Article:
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 Table of Contents  
ORIGINAL RESEARCH
Year : 2021  |  Volume : 13  |  Issue : 3  |  Page : 251-257

Perspectives, attitudes, and practices of orthodontists, prosthodontists, and maxillofacial surgeons toward temporomandibular joint disorders: A cross-sectional survey


1 Department of Pediatric Dentistry and Orthodontics, Taibah University, Madinah, Saudi Arabia; Ibb University, Ibb, Yemen
2 Department of Pediatric Dentistry and Orthodontics, Taibah University, Madinah, Saudi Arabia

Date of Submission22-Nov-2020
Date of Decision23-Dec-2020
Date of Acceptance04-Feb-2021
Date of Web Publication18-Jun-2021

Correspondence Address:
Dr. Talat Hasan Al-Gunaid
Department of Pediatric Dentistry and Orthodontics, Taibah University, Madinah, Saudi Arabia, and Ibb University, Ibb.
Yemen
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Source of Support: None, Conflict of Interest: None


DOI: 10.4103/jioh.jioh_336_20

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  Abstract 

Aim: To determine whether discrepancies exist between orthodontists, prosthodontists, and maxillofacial surgeons regarding their knowledge, attitudes, practices, and experiences around temporomandibular joint disorders (TMDs). Materials and Methods: A cross-sectional study was conducted, and a convenient sample was used. An invitation with a link to the questionnaire was sent to orthodontists, prosthodontists, and maxillofacial surgeons. A total of 126 individuals agreed to take part, of whom 57 were orthodontists, 37 were prosthodontists, and 32 were oral and maxillofacial surgeons. Participants were asked to answer questions about their knowledge of TMDs, the relationship between orthodontics and TMDs, and how TMD awareness and number of referrals can be increased. Descriptive statistics, such as frequencies and descriptive measures, were obtained. Comparisons between groups were performed by using the chi-square test. Results: There was general agreement across all groups that identification and removal of occlusal interferences is effective in the management of TMDs, with the highest level of agreement found among prosthodontists. In addition, there was overall agreement among the groups that the best treatment of TMD cases involves multidisciplinary teamwork. All groups suggested more than one approach to enhancing TMD awareness and increasing referral rate. Conclusion: There is a general consensus that identification and removal of occlusal interferences is effective in the management of TMDs. Multidisciplinary teamwork is broadly considered to be the optimal approach for the management of TMDs. There is a discrepancy between orthodontists, prosthodontists, and maxillofacial surgeons in terms of their knowledge and experience around the treatment of patients with TMDs.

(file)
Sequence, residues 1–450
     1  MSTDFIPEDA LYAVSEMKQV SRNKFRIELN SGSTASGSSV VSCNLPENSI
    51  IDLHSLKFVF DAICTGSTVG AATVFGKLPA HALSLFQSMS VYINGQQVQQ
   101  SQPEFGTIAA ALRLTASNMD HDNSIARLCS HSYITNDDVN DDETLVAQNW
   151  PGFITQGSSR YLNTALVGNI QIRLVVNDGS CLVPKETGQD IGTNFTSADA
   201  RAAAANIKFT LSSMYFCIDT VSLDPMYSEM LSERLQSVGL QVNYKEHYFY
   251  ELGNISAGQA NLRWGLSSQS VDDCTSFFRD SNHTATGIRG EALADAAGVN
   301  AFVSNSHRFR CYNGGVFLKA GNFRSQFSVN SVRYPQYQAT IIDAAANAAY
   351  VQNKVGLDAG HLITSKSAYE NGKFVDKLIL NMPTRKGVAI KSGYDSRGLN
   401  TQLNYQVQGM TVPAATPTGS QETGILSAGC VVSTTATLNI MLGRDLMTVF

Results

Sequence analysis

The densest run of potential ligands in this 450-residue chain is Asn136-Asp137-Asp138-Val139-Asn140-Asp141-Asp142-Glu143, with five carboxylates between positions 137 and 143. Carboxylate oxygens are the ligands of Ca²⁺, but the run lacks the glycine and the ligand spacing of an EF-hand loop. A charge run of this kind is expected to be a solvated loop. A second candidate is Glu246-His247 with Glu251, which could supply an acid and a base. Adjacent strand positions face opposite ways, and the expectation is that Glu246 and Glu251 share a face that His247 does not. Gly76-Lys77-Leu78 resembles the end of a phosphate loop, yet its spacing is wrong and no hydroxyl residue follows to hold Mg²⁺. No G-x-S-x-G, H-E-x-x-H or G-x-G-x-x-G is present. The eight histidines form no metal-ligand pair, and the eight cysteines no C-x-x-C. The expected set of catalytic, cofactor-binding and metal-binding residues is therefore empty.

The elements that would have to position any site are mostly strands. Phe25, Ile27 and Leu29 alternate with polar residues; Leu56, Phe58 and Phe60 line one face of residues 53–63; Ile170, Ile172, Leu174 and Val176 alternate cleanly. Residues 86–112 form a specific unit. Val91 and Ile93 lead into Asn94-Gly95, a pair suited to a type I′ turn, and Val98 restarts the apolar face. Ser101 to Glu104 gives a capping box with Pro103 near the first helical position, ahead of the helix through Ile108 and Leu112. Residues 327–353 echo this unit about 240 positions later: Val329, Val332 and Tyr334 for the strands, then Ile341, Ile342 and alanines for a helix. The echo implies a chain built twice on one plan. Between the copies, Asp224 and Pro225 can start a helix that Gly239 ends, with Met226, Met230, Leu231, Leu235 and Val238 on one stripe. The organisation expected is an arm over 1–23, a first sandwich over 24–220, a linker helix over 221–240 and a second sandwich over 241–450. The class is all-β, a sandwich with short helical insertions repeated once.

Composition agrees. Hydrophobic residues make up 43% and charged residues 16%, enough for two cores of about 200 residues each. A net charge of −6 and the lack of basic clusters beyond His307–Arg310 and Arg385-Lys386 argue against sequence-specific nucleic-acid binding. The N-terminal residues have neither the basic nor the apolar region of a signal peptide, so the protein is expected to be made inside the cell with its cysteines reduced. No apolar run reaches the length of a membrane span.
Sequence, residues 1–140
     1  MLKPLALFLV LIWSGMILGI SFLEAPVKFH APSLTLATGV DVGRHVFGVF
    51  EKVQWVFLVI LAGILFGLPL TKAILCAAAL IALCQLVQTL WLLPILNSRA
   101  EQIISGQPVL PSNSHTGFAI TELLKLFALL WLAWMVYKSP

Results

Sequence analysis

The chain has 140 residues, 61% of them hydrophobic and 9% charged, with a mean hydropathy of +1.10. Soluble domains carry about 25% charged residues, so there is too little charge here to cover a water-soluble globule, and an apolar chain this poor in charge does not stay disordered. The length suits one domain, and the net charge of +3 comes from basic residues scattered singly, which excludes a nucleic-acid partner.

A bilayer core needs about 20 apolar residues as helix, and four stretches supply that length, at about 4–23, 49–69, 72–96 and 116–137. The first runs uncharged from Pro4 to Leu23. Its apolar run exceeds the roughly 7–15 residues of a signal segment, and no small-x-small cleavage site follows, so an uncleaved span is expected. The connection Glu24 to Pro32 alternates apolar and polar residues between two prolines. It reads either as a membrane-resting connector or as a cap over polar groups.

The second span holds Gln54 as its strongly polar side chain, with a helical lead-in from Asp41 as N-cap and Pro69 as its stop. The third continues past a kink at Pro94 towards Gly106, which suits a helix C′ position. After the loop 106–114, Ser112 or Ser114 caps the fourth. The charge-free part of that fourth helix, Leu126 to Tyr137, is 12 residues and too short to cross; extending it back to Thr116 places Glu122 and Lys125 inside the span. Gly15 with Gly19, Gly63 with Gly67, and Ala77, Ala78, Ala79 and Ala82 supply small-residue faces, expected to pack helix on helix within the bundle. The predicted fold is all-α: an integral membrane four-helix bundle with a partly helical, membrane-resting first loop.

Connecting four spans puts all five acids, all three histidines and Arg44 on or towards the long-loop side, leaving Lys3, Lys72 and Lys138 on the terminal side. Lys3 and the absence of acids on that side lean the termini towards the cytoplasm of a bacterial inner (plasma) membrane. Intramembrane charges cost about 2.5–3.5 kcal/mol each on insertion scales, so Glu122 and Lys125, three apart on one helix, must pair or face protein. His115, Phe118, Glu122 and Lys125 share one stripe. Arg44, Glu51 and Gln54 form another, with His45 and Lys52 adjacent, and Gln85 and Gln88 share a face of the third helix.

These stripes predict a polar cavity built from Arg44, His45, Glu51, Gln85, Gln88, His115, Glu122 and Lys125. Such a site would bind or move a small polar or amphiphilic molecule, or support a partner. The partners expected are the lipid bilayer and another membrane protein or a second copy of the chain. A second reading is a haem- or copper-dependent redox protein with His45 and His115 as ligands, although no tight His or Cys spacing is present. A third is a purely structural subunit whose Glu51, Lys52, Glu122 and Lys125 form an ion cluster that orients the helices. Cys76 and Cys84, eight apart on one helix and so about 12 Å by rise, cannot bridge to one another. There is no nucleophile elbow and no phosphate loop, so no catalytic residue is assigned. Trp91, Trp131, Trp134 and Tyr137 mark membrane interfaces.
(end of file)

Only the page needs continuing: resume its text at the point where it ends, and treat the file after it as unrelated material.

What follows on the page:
Keywords: Awareness, Cross-sectional Survey, Maxillofacial Surgeons, Orthodontists, Prosthodontists, TMDs


How to cite this article: